Sex!

      6 Comments on Sex!

Well, that got your attention, didn’t it?

So, what do you think of it? Personally, I’m all for it, but there’s a time and a place for everything.

This post, however, is going to be entirely devoted to sex in novels.

You’ve probably figured out by now that fantasy is my favourite genre, particularly urban fantasy. I do like a good romance, too (and yes, I believe in love at first sight – well, first decent conversation anyway – and in the existence of Mr or Miss Right). However, one can get rather sick of sex being inserted into a book in the following way:

Plotplotplotplot – STOP!!! [Insert sex scene here] GO! Plotplotplotplot….

Why is it, too, that urban fantasy heroines seem to either have no self-respect, appalling taste in men, or an inability to do the decent thing and pick the one they like and let the other one down gently – or all of the above?

It would be a pleasant change to read an urban fantasy novel with a heroine who isn’t a complete idiot where the opposite sex are concerned. Or one where she’s able to get on with her life without angsting over the lack of a man.

However, I’m certainly not against a love interest. I’d just like it to be a bit more complicated. I mean, when it gets to the point where you can identify the man the heroine is going to end up in bed with before you start reading, and, indeed, two-thirds of the way through the book, yep, sure enough, there’s the creak of bedsprings…. well, it’s a bit predictable.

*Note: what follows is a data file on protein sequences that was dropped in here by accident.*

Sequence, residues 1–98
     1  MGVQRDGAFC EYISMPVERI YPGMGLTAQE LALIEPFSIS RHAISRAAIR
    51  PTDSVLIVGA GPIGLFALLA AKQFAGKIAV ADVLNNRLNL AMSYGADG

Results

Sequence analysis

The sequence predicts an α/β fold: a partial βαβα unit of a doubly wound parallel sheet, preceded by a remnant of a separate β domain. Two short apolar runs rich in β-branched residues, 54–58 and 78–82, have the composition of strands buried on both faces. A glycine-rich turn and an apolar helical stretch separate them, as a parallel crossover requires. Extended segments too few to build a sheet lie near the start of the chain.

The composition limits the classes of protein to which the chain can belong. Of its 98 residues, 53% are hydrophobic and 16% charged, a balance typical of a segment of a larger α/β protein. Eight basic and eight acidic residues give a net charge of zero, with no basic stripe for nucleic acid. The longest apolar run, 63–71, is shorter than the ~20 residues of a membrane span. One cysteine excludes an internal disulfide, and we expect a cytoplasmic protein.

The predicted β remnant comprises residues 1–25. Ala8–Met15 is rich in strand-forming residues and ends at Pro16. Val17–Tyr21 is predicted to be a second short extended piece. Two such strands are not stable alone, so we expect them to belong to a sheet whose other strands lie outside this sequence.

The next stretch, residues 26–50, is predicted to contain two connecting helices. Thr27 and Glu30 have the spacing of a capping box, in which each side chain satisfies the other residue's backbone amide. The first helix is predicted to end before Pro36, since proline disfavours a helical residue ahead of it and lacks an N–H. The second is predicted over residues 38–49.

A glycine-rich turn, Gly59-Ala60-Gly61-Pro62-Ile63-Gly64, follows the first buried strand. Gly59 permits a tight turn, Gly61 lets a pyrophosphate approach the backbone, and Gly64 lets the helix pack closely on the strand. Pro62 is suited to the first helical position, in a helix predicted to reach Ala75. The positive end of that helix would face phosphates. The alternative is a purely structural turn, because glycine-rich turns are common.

Where’s the development of an actual relationship (guys, a relationship is about more than sexual attraction)? Where’s the development of sexual tension? Where’s the anticipation? Where’s the will-they-won’t-they?

Examples of ‘good practice’, for me, are Kim Harrison’s Hollows series; although the heroine, Rachel, can be irritating at times, Harrison has actually managed to keep the sexual tension between Rachel and one of the male characters ratcheting up throughout the series – and so far, they haven’t even kissed (although I haven’t read the latest book, so I don’t know what happens in that). Surely they’re going to end up together? You can see the relationship between them changing – come to think of it, there’s something almost Pride and Prejudice about the way they each have to acknowledge their own prejudices and re-evaluate their impressions and opinions of the other. And we still don’t know whether they’re going to get together.

Another is K. E. Stewart’s Jesse Dawson series that starts with A Devil in the Details. Astonishingly, Stewart has done something almost unknown in urban fantasy novels – his hero (male!) is actually happily married with a daughter. This gives the books an interesting extra dimension, as Jesse has the additional worries of supporting his family – he’s not the usual single guy/girl with no dependants.

Oh, yeah, and I may have mentioned before – please don’t assume that all your readers have the same turn-ons as you, the author, do. Laurell Hamilton, for example, is obviously turned on by men with long hair and thigh-high boots. While these two attributes are OK (although I do not admire long hair on men in general) it is possible to get tired of them really quite quickly when every allegedly-sexy male character in the book displays them. Let’s have a bit of variety, please!

For me, the following points are important:

  • There has to be some kind of development of a relationship that’s not just about sex – you know, romance like in Georgette Heyer.
  • It must not be obvious from page 1 (or before) who the main character is going to hook up with.